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Why Your Retirement Plan Might Fail and How To Prevent It

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Why Your Retirement Plan Might Fail and How to Prevent It

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Want to retire successfully? Then it's time to rethink your approach! In this video, we dive into the core reasons why most retirement plans fail and how to overcome these challenges.

Do you consider retirement as simply quitting the workforce with a certain bank balance, or is it about leading a fulfilled life without worrying about your finances? Find out why a healthy retirement means much more than just having a sizable portfolio and high returns on investments.

Discover how issues like unexpected overspending, emotional investing, and even an existential crisis following the loss of work identity can contribute to a failed retirement. Learn how to avoid these pitfalls by redefining your retirement goals and developing a comprehensive plan that addresses both your financial and emotional needs.

Have you ever thought to yourself, "I'm saving for retirement, I'm investing for retirement, but I'm so busy with work, family, and just life overall that I have no clue what kind of retirement is even possible"? Well, if you've ever thought that, then you are definitely in the right place because I'm going to break down, step-by-step, what you should do to get started. So, let's talk about how to figure out what kind of retirement you can achieve based on where you're at today.

Now, if you're like most people who have the goal to one day retire and live a comfortable life, then you've probably wondered what you should even be shooting for and what's possible at different ages and different stages of life if you decide to stop working. The thought of trying to forecast exactly what you're going to spend 5, 10, 15 years from now can be extremely difficult and leave a lot of people overwhelmed.

Hello and welcome back to the Think Retirement Channel. Today we're going to be talking about what retirement looks like for a couple that reached out to us a few weeks ago and the steps that we took to help them figure out what kind of retirement is possible. Now for those that are new to the channel, I'm Jonathan Rank and I've been helping people plan and execute their retirement goals for going on 20 years now.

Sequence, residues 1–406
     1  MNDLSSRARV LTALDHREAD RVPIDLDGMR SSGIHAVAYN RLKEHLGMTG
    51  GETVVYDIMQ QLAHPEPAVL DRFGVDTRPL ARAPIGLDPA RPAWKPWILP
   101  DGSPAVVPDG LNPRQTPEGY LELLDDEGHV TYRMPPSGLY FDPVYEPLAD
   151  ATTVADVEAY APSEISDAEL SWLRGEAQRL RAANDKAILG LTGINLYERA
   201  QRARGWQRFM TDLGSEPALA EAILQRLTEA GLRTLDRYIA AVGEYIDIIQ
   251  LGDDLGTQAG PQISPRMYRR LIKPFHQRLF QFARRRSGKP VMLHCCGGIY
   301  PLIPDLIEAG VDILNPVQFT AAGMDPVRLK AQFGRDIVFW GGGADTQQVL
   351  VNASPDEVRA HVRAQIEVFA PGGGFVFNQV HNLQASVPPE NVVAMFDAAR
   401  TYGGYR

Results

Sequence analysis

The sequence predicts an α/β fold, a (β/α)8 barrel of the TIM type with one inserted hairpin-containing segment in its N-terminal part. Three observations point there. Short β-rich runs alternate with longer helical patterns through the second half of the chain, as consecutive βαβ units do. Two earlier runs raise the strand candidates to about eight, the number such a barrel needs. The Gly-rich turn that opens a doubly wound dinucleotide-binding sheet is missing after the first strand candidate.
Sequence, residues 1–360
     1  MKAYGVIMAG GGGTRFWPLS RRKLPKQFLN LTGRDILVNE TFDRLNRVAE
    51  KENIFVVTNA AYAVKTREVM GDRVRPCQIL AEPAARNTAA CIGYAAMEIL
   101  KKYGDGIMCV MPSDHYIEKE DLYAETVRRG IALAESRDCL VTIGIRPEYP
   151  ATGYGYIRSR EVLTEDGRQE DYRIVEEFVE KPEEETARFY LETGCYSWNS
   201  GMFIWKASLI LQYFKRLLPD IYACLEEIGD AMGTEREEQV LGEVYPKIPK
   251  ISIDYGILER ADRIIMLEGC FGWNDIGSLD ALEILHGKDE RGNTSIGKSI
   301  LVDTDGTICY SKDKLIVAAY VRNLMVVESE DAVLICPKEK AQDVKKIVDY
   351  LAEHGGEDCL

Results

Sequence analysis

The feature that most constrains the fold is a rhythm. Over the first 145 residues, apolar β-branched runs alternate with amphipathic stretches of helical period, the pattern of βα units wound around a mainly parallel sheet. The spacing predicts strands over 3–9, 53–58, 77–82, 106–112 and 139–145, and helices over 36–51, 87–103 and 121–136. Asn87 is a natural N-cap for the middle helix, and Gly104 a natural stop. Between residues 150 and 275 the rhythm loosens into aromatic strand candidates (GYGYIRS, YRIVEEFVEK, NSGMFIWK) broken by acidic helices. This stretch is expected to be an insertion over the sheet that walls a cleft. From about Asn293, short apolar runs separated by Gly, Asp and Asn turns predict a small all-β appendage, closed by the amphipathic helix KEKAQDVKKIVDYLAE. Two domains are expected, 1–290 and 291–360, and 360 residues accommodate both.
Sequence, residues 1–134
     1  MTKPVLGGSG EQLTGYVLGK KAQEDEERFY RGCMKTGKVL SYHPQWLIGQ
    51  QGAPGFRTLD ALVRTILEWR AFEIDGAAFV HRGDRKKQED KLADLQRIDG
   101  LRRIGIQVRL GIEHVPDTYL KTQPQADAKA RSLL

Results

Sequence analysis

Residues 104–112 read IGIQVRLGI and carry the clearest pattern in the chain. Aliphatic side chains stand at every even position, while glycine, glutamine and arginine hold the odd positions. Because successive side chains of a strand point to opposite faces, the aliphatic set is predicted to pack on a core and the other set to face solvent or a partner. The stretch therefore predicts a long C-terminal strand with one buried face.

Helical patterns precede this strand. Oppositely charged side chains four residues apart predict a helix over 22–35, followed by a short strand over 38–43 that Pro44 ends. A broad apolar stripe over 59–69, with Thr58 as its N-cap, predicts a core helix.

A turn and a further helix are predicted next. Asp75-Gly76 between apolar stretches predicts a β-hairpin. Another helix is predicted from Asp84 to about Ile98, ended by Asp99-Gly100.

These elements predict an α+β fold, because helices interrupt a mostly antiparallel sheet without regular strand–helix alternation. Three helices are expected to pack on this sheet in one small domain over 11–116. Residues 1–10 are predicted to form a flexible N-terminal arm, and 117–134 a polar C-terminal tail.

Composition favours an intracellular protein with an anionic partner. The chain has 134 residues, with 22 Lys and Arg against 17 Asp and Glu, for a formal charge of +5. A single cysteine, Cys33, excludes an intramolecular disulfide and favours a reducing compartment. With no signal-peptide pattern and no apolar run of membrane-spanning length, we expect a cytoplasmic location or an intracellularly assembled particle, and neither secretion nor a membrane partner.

Realistic Retirement Goals

When most people think of the idea of retirement, it's around living a comfortable lifestyle. It's not this dream retirement that people talk about in headlines about lavish trips and vacation homes. It's being able to live the way that you live your life today but just not going to the office anymore. Now, that philosophy is where this video is going to be rooted. There are always goals that you can stack onto every retirement plan, whether it's more travel or buying a second home or gifting money to grandkids; those are all things that we can add. But for most people, they just want to know, "What if I stopped working at this age with this amount of money? Am I going to be okay?" And that's what we're going to go through today.

As I was thinking about what scenario I wanted to share with you, I thought about the most common age that I've seen people start thinking about retirement, and that's 65 years old, because for most people, they want to be able to retire and have Medicare that's going to help them with their medical costs. So, that's where we're starting today with this video.

Meet Bill and Cheryl

Focusing on a couple that reached out to us recently, they're 64 years old and they've accumulated just about $2 million in savings. Keep in mind whether you have $2 million saved, a fraction of that, or exponentially more than that, the numbers in this case don't necessarily matter. It's the principles and the steps we're going to go through that are extremely important when thinking about your own retirement situation.

So let me introduce you to Bill and Cheryl. Bill and Cheryl are 64 years old and, obviously, we changed their names for privacy reasons, but they reached out to us earlier this year because they started to think about retirement and they want to see if they can retire at the beginning of next year. They think they have enough saved, but they just don't know where to start or what to do. During our first conversation, we spent time understanding how they got to where they're at today and what they would like to accomplish when they're in retirement. They gave us three things that were at the top of their mind.